Valid or reliable – trying to break the tradeoff
Yesterday I wrote about how measurements are often in conflict between being valid indicators and reliable indicators in Valid or reliable – take your pick. How can we possibly break this tension so there is no tradeoff?
One method, staying within the domain of measurement, is a stronger use of ratios. Many of the reliability failures of measures are because other factors affect the outcome of the metric. If I’m measuring costs for example, sales going up or down may impact what the costs have to be. If I measure defects, the volume of work can increase the number even if my process is improved.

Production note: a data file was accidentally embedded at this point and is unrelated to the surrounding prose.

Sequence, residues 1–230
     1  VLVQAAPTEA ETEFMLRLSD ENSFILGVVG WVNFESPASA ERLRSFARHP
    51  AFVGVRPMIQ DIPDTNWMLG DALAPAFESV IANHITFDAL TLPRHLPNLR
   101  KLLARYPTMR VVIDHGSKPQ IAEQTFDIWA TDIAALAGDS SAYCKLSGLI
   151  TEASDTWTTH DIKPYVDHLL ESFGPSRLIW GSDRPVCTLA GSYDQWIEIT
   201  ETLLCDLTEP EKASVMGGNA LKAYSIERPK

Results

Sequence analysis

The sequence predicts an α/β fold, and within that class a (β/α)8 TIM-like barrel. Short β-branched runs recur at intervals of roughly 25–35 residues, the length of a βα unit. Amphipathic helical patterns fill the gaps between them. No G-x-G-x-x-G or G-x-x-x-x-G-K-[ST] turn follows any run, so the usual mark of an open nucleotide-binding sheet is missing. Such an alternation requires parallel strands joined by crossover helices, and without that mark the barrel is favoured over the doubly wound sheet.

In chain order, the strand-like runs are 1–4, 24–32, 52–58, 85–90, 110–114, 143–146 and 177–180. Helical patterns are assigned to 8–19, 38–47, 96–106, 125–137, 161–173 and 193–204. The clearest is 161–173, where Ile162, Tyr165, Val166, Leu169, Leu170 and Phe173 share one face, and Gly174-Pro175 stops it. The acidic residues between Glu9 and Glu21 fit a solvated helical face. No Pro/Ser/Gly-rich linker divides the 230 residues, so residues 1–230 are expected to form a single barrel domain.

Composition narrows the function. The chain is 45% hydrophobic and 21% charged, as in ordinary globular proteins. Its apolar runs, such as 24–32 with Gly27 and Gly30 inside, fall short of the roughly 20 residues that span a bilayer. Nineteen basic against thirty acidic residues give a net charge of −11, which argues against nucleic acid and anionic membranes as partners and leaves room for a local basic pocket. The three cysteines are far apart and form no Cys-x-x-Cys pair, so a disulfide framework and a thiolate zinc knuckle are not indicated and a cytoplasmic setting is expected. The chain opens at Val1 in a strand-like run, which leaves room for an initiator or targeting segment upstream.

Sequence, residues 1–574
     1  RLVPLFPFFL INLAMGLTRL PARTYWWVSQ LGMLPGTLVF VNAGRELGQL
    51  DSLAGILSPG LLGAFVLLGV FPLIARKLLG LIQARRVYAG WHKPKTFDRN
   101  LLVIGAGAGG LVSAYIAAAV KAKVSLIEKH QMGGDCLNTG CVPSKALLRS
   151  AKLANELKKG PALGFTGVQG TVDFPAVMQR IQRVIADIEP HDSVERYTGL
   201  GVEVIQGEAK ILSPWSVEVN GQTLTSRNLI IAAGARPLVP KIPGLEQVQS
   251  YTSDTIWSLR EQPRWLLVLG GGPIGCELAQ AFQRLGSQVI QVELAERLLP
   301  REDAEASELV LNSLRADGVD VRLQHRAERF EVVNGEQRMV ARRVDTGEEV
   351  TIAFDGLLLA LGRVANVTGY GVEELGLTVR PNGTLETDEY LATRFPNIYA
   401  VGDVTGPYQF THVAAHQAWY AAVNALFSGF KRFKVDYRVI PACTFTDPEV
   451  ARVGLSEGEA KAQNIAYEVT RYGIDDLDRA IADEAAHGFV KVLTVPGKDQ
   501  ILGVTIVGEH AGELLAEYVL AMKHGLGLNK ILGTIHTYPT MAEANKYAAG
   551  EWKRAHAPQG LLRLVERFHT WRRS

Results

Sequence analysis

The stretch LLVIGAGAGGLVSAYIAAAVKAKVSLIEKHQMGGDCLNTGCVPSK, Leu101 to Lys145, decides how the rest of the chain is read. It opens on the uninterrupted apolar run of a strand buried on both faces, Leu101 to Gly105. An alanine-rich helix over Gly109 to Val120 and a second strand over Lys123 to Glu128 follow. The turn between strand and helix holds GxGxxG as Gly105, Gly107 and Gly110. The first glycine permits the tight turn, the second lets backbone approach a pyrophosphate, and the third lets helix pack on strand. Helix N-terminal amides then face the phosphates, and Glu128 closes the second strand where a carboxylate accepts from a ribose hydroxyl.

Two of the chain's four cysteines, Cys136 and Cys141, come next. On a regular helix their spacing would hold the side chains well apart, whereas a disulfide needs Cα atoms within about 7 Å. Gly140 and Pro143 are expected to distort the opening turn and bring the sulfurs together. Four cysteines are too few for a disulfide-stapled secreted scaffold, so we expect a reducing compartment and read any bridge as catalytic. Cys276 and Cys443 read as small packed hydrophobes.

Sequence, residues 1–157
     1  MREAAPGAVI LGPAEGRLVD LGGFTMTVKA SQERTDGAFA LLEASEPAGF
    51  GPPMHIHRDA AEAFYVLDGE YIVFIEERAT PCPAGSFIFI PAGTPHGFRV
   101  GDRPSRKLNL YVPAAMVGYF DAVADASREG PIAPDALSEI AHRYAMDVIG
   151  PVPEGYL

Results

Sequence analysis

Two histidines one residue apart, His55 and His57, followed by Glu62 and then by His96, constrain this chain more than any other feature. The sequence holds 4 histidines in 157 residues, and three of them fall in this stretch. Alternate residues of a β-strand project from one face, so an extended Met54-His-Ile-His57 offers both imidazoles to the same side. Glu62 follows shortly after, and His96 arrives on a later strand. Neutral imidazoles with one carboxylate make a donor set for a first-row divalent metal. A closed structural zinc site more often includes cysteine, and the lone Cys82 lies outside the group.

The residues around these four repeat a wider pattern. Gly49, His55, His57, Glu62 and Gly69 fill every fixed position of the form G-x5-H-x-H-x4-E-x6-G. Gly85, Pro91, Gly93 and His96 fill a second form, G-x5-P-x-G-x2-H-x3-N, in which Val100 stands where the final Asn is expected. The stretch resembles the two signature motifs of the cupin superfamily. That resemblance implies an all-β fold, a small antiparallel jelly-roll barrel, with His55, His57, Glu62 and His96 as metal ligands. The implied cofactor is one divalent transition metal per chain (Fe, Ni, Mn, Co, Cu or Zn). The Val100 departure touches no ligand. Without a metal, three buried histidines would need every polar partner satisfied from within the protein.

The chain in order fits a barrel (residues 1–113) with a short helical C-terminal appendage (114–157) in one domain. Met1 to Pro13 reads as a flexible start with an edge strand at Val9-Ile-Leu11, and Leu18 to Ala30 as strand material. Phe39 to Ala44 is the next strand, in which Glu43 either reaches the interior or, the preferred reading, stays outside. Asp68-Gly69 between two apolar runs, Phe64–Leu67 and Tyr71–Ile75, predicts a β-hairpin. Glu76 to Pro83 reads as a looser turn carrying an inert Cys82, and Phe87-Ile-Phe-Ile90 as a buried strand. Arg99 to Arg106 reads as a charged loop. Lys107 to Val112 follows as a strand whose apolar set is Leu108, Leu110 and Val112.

It sounds simple, yet too uncommon, to measure our goals as ratios. Don’t measure costs in dollars; instead measure it as a ratio but whatever other factor most directly impacts the outcome. Overall costs should be measured as a ratio against sales.
Avoid absolute measures when setting metrics as goals and experiments. Ratios are much more reliable. It doesn’t mean that this will solve everything that’s wrong with the reliability of measures. Remember, as Einstein said, “not everything that can be measured matters, and not everything that matters can be measured.”